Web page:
health care coverage

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Open enrollment for health insurance through the Affordable Care Act has started, and people might notice their premiums going up.  That’s because of two changes to the law.

Almost half a million veterans gained health care coverage during the first two years of the Affordable Care Act, a report finds.

Health Insurance Gains Due to Obama's Law, Not Economy

Mar 22, 2016

There's growing evidence that most of the dramatic gain in the number of Americans with health care coverage is due to President Barack Obama's law, and not the gradual recovery of the nation's economy.

Lynn Hatter/WFSU / WFSU

A change in government procedures has led to a big jump in people losing coverage under the Obama health care law because of immigration and citizenship issues.

MyFloridaHouse.gov

A bruising budget battle that divided Republicans in the Florida Legislature is over for now, but the truce is likely only to last a few months.

Legislators passed a nearly $79 billion budget Friday with just days to spare. Legislators had until July 1 to pass a budget or state government would have been partially shut down. They didn't pass a budget during their regular session because they were divided over health care spending. That sparked a stalemate — and finger-pointing will remain when legislators return for their 2016 session.

Florida Legislature
Florida House of Representatives

The Florida Legislature kicked off a 20-day special session Monday, with legislative leaders sounding more open to compromise as they race against the clock to pass a new state budget.

The conciliatory tone espoused by House Speaker Steve Crisafulli and Senate President Andy Gardiner was different than it was just a few weeks ago when the Republican-controlled Legislature ended its session amid finger-pointing and lawsuits.

Florida Senate

  

Republican leaders in the Florida Senate offered up a revamped health care proposal Tuesday in an effort to end a budget stalemate that threatens to shut down state government, but the proposal was immediately rejected by Gov. Rick Scott and House GOP leaders.

Legislators are scheduled to return to the state Capitol next week for a 20-day special session where they are expected to pass a new state budget.

Florida Senate

Florida’s top legislative leaders on Friday made their June special session official and came up with a long list of items they want to try to tackle during their 20-day return to the state Capitol.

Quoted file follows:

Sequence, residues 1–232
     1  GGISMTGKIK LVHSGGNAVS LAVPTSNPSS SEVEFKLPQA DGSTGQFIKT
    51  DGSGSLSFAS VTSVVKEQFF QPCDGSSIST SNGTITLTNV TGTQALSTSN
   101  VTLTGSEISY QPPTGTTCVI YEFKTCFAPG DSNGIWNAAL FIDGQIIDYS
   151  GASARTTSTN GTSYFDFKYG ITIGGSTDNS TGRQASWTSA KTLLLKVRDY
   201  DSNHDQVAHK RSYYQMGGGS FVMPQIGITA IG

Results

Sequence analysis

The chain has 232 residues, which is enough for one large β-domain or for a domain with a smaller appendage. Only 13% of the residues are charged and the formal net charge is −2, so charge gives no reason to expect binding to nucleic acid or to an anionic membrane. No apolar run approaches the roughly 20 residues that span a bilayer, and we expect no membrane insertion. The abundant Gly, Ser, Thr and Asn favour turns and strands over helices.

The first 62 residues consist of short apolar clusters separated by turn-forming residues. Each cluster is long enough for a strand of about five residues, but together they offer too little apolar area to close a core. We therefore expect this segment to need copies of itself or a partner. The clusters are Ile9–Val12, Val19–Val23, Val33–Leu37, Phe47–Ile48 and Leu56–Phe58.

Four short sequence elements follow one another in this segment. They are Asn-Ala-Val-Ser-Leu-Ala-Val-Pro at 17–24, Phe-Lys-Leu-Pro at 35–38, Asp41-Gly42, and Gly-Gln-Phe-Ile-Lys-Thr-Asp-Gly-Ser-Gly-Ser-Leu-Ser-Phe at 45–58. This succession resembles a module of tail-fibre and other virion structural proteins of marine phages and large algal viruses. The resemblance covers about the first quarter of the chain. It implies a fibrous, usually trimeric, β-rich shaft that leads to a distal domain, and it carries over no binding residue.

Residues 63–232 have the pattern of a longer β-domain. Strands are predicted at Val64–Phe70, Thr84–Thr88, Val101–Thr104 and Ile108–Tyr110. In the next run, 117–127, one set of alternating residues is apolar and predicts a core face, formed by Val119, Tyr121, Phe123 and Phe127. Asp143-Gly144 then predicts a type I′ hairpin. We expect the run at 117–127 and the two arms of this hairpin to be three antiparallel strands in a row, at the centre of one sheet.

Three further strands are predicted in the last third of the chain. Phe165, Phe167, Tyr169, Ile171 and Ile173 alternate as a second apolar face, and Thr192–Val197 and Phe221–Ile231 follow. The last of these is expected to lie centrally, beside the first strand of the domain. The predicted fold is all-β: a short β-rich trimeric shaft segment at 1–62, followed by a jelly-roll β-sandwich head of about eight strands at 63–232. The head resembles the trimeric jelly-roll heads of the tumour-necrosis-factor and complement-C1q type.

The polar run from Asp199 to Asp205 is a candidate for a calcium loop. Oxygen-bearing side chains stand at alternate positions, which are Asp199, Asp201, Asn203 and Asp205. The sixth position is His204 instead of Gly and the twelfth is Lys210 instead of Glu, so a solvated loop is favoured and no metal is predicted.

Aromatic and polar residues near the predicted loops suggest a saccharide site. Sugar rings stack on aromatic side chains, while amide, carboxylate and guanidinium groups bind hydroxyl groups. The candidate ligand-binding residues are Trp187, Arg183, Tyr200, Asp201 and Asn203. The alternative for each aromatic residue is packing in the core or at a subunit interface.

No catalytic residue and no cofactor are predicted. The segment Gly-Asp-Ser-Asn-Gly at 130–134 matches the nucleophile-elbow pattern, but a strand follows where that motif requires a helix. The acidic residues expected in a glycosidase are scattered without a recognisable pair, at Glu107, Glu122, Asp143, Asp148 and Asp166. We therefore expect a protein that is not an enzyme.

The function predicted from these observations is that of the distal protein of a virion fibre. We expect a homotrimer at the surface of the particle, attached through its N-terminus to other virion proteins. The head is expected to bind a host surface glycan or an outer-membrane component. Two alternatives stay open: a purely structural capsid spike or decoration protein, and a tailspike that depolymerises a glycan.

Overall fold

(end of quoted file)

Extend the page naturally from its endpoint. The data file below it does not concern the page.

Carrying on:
House Speaker Steve Crisafulli and Senate President Andy Gardiner have agreed to pass a new state budget while at the same time debate legislation covering health care, Medicaid and even tax cuts and environmental policy.

It flew through the Republican-run House in 2012, and a year later 79 of the Democratic-led Senate's 100 members embraced it. With Republicans now controlling both chambers of Congress, the chances for repealing the 2.3 percent tax on medical devices are better than ever.

Yet abolishing the tax won't be easy, even though Republicans rank it a top priority and are backed by Democrats from states that rely on the industry for jobs.

U.S. Senate

In a rare show of bipartisanship over President Barack Obama's health care law, a Senate committee voted unanimously Wednesday to exclude veterans from the 50-worker threshold that triggers required coverage for employees under that statute.

The Senate Finance Committee vote was 26-0, a departure from the usual party-line fights over Obama's showcase 2010 law.

On the new Congress' first day, the House unanimously approved Republican legislation Tuesday making it easier for smaller companies to avoid providing health care coverage to their workers by hiring veterans.

The measure was approved 412-0 and is the first of many expected GOP bills aimed at President Barack Obama's health care overhaul, which was enacted over uniform Republican opposition.

FL Senate Could Reconsider Expansion

Dec 18, 2014
MyFloridaHouse.gov

  Florida Senate President Andy Gardiner is leaving open the possibility that his chamber will consider an expansion of health care coverage for low-income Floridians.

“Intriguing" was the word Gardiner used on Wednesday for a plan from business and hospital leaders that would accept billions of dollars under the federal Affordable Care Act and provide coverage through private insurers. The plan, called "A Healthy Florida Works," was introduced last week.

AP

  Expanding health care coverage, solving water problems, improving education and handling issues like legalizing medical marijuana and gambling were among the topics Florida leaders discussed during a summit Friday.

The idea was to bring together a bipartisan mix of political, business and education leaders to look at the major issues facing Florida in the immediate and distant future and to brainstorm on how the state should tackle them.